Generative AI models such as OpenAI’s are trained mostly on images, text, audio, videos and other data — some copyrighted — sourced from public web pages (including, problematically, AI-generated ones). The OpenAIs of the world assert that fair use shields them from legal reprisal. Many rights holders disagree — but, at least for now, they can’t do much to prevent this practice.

There are many, many examples of generative AI vendors acquiring massive datasets through questionable means in order to train their models. OpenAI reportedly transcribed more than a million hours of YouTube videos without YouTube’s blessing — or the blessing of creators — to feed to its flagship model GPT-4. Google recently broadened its terms of service in part to be able to tap public Google Docs, restaurant reviews on Google Maps and other online material for its AI products. And Meta is said to have considered risking lawsuits to train its models on IP-protected content.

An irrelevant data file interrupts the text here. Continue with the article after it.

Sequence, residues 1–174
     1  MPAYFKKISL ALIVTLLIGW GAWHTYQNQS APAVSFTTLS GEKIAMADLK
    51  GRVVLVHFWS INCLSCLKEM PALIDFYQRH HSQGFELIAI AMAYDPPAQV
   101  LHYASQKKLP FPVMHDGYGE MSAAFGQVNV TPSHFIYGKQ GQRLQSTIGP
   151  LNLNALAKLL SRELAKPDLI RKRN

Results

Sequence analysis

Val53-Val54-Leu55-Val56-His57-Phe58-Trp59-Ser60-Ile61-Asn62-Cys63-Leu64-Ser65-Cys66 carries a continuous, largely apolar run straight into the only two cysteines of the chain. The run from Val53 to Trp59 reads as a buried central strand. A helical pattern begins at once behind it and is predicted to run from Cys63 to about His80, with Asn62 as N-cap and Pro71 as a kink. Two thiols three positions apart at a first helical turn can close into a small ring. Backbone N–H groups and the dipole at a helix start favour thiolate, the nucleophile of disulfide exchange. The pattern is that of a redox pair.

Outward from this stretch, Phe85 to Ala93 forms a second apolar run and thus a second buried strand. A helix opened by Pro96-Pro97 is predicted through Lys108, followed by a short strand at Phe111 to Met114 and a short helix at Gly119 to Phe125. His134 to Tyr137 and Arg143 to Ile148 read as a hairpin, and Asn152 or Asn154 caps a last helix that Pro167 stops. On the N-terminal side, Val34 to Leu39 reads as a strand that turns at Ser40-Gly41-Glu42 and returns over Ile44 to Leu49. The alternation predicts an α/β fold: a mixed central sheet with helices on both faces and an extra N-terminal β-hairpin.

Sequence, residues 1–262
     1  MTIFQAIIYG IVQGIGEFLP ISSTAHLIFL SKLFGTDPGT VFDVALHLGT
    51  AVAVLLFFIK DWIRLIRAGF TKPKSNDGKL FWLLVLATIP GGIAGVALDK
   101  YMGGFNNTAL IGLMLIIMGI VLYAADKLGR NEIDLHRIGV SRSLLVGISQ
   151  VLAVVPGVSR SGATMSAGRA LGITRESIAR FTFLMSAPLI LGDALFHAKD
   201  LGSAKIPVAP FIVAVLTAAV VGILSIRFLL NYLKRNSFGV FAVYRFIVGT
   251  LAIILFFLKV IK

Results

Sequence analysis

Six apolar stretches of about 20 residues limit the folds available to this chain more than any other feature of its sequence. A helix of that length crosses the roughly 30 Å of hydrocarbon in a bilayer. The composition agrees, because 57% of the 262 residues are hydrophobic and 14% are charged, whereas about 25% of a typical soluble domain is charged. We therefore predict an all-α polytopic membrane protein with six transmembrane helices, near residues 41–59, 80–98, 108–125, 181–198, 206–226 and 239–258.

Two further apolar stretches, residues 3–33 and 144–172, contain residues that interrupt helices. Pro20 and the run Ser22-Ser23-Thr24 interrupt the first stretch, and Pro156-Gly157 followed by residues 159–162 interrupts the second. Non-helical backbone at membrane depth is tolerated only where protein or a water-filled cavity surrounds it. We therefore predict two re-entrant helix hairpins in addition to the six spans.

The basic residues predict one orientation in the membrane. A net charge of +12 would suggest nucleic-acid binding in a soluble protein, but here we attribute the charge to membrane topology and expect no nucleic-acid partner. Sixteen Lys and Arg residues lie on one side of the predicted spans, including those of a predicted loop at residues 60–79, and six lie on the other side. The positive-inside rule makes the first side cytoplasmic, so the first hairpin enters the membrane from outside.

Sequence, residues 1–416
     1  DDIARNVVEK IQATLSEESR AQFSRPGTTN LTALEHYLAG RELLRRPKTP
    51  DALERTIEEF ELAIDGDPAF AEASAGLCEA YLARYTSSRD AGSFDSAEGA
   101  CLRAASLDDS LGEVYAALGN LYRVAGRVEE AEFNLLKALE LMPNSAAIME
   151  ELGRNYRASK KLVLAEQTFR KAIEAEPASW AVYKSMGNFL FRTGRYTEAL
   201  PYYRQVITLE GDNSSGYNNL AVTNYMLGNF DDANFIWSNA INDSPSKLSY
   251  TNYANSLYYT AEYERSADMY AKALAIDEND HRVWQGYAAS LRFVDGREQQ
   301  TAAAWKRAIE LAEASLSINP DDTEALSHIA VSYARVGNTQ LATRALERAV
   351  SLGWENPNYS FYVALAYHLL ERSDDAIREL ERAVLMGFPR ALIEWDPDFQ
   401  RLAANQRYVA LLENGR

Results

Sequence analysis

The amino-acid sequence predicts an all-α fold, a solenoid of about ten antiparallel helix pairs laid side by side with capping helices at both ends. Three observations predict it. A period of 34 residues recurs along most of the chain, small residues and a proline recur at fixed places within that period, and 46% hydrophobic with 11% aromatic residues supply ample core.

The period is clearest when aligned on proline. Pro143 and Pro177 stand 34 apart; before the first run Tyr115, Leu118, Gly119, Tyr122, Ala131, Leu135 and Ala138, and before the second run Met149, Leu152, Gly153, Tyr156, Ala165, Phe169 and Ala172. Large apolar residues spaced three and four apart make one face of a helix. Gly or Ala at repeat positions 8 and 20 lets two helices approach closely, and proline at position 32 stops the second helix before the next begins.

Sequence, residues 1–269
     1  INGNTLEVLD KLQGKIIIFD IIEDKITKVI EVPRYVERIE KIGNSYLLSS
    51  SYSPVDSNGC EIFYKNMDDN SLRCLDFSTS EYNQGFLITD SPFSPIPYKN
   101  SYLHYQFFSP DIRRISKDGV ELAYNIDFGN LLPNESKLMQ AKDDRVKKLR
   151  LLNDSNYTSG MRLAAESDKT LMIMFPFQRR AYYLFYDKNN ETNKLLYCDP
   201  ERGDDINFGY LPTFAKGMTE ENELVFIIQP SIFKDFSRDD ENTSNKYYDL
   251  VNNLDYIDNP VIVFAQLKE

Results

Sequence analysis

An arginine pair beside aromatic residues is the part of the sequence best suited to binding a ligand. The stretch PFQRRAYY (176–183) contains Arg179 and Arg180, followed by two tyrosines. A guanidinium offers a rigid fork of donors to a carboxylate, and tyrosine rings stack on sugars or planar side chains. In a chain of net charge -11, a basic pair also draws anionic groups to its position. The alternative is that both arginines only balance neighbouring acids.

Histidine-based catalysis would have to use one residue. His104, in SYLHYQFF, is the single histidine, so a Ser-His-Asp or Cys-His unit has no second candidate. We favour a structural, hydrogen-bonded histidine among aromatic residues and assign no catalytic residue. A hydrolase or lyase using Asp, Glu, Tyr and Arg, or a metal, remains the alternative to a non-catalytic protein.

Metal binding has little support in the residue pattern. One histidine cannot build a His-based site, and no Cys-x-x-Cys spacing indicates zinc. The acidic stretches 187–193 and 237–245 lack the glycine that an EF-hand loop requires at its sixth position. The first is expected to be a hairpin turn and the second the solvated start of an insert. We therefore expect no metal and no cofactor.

Meanwhile, companies large and small are relying on workers in third-world countries paid only a few dollars per hour to create annotations for training sets. Some of these annotators — employed by mammoth startups like Scale AI — work literal days on end to complete tasks that expose them to graphic depictions of violence and bloodshed without any benefits or guarantees of future gigs.

Growing cost

In other words, even the more aboveboard data deals aren’t exactly fostering an open and equitable generative AI ecosystem.

OpenAI has spent hundreds of millions of dollars licensing content from news publishers, stock media libraries and more to train its AI models — a budget far beyond that of most academic research groups, nonprofits and startups. Meta has gone so far as to weigh acquiring the publisher Simon & Schuster for the rights to e-book excerpts (ultimately, Simon & Schuster sold to private equity firm KKR for $1.62 billion in 2023).

With the market for AI training data expected to grow from roughly $2.5 billion now to close to $30 billion within a decade, data brokers and platforms are rushing to charge top dollar — in some cases over the objections of their user bases.